Bodyguard Proves the Downside of Narrative Risk
Bodyguard, the BBC limited TV series also showing on Netflix, blends political and sexual intrigue. Richard Madden (Robb Stark on Game of Thrones) plays David Budd, an Afghanistan veteran suffering in secret from PTSD. Now working in government security, Budd is assigned to protect Julia Montague (Keeley Hawes), the politically ambitious Home Secretary, who is campaigning for greater reach and powers for the security service in the name of combating terrorism. While the disillusioned Budd is sceptical of Montague’s politics, he is drawn to her charms and dominating personality, and a love affair ensues. Entwining personal and political power dynamics against the background of the War on Terror, Bodyguard in many respects plays like the British version of Homeland. But it is the relationship between Budd and Montague that lends the show special interest.
Although Richard Madden sets aside chain mail and a long sword for a black suit and earpiece, there is still something knightly about his bodyguard, David Budd. For instance, in the first episode Budd displays uncommon compassion, fortitude, and heroism as he stops a female suicide bomber on a train. As the season develops, Budd’s relationship with Montague takes on elements of courtly romance, with the woman holding status and power over the warrior assigned to protect her, and their illicit sexual relationship taking place amidst matters of state.
The exact nature of Montague and Budd’s relationship is difficult to read, as it is marked by clear mutual attraction combined with ambiguous intentions on both sides. For instance, in spite of their sexual chemistry, is Montague ensnaring Budd for political ends? Does Budd harbour sinister purposes against the lady whose politics he despises? The ambiguity of their relationship contributes to the show’s mounting tension.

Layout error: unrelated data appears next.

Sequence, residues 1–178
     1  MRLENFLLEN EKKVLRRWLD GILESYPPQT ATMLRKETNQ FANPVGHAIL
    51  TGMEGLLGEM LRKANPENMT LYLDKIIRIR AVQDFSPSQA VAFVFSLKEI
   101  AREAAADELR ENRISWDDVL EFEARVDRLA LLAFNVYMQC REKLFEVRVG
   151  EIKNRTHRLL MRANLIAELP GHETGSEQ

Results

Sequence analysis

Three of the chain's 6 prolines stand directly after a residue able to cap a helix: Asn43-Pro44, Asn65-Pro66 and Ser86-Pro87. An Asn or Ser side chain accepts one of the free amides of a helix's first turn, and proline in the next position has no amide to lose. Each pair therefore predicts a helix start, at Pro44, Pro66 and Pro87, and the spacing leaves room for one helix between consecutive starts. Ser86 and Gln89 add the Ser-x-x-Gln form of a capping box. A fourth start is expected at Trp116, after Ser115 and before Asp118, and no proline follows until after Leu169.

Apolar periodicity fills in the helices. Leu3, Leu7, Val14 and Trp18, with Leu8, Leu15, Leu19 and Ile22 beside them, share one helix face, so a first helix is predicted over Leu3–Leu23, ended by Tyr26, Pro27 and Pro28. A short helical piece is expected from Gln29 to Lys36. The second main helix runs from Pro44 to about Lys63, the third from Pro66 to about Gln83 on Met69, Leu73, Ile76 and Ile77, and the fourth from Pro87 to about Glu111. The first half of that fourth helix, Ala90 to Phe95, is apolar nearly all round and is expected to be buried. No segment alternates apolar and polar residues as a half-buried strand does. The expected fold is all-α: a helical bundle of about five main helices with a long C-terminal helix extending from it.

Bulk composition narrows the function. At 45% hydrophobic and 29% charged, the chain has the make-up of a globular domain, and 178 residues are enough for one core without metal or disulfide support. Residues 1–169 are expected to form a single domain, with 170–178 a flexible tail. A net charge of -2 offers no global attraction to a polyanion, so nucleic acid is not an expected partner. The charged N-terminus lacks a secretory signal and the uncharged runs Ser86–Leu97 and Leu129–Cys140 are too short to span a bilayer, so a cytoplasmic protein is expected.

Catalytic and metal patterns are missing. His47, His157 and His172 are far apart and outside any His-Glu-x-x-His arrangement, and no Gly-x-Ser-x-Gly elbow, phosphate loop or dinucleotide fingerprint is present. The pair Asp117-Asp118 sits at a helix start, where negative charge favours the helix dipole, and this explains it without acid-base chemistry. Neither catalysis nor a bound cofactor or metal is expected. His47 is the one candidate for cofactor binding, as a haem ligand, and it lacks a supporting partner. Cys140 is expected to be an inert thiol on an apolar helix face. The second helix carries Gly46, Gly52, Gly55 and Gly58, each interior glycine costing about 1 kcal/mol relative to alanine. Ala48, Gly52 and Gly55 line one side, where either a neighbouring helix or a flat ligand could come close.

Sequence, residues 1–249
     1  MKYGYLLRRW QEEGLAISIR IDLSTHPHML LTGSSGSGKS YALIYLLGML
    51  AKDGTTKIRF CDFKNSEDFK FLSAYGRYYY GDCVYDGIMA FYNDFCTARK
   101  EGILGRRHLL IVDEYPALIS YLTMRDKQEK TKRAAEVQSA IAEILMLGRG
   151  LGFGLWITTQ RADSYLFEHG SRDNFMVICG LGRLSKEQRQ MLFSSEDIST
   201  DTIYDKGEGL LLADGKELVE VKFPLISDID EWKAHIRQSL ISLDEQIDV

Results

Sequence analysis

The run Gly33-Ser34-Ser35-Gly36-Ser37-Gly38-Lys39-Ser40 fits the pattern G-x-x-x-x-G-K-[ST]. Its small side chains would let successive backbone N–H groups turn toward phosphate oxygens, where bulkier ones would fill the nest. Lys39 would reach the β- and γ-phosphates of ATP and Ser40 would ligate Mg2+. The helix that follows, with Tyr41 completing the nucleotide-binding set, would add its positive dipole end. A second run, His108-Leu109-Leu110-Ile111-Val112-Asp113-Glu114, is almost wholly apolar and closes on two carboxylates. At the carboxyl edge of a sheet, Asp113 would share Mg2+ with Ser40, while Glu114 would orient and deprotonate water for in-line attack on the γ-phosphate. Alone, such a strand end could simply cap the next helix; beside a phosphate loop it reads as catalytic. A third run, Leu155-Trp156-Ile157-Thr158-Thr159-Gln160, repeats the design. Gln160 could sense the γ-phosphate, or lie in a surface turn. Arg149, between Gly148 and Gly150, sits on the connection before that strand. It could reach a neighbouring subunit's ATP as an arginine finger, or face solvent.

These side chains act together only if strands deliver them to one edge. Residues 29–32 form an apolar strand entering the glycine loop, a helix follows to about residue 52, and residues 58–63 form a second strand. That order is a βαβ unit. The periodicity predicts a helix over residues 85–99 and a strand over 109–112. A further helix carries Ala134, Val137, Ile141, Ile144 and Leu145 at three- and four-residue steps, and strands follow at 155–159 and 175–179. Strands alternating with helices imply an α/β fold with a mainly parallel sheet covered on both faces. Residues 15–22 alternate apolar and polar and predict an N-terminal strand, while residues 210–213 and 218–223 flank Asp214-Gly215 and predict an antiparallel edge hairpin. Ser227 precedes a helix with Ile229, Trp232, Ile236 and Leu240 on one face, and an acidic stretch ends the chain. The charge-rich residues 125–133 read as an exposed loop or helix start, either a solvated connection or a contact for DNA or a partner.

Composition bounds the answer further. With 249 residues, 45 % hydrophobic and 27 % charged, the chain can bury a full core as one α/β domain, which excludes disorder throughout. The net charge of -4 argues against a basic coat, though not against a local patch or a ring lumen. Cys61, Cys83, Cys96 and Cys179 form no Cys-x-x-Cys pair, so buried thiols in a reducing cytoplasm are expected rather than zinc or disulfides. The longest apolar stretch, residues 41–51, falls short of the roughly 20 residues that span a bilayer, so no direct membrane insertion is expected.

Another major contribution to the show’s impact is its topicality. If anything, the relevance of Bodyguard is perhaps too on the nose. It’s as if the creator, Jed Mercurio, were checking off references to the contemporary moment. Bodyguard portrays a disillusioned veteran with PTSD, a divided Tory party full of ruthless climbers, and a bill accruing power to security and intelligence services. It addresses themes such as the stigma of male mental health issues, the political drivers of war and terror, and the conflict between civil liberties and national security. More intriguingly, the show seems to demonstrate a second phase of War on Terror narratives, in which fears about the surveillance state are given at least equal, if not more concern, than actual political terror.
In spite of the appealing setting, fascinating narrative machinations, and sophisticated character dynamics, Bodyguard does contain some weaknesses and one outright flaw.
Although the production is high-quality, the formal elements, such as the cinematography and editing, are only average in execution. As I’ve noticed with other recent BBC shows such as Sherlock, Bodyguard displays an excess of formal gimmicks and flair (such as slowing things down, phasing out sound) while generating a lack of effective suspense. This is because, as Hitchcock illustrated, suspense is generated not through fancy and abundant shots and cuts but through the careful creation and manipulation of maximal audience awareness of a situation. Viewers cannot anticipate what is unclear or unknown to them. An attack on a school in the second episode is an excellent demonstration of audience confusion limiting suspense.
Narrative tension is further deflated with a bold twist in the storyline. If you want to avoid spoilers, read no further.
The critical tendency to reward risk in art can obscure one very plausible outcome of any artistic choice, that is, failure. The decision to kill off Montague halfway through the show is bold yet disastrous. While the surprising death of major characters is no longer unknown to the world of television after Game of Thrones, the death of Montague significantly diminishes Bodyguard since it eliminates the show’s most lively character dynamics as well as the tantalizing narrative questions the character generated. We are left only to contemplate Budd’s ultimate aims, and to see whether he escapes wrongful arrest. The quality of the show drops from “very good” to “passable.”
For the remainder of the show, the narrative collapses inward and away from a grand political narrative, eventually roping in the mob, among other villains, and retreating to a narrow and conventional conclusion. It’s a pity, since the show started with loads of potential, but the failure of Bodyguard to protect its central duo leads to its own demise.
Bodyguard (2018, BBC One)
Created by Jed Mercurio; starring Richard Madden, Keeley Hawes, Gina McKee, Sophie Rundle, Ash Tandon, Nina Toussaint-White, and Pippa Haywood.